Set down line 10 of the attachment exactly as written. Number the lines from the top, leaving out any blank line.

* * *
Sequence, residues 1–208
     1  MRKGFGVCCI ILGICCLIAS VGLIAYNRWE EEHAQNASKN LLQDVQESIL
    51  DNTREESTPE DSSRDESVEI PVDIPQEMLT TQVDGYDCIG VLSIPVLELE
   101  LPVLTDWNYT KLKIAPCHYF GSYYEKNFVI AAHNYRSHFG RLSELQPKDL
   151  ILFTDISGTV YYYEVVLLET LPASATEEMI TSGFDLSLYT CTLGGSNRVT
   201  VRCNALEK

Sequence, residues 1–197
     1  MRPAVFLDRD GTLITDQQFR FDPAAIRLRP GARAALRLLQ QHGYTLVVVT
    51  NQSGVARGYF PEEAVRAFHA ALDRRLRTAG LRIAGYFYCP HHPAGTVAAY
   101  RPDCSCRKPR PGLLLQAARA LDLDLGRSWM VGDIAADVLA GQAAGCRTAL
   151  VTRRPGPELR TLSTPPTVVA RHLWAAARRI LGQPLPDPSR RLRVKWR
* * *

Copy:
   101  RPDCSCRKPR PGLLLQAARA LDLDLGRSWM VGDIAADVLA GQAAGCRTAL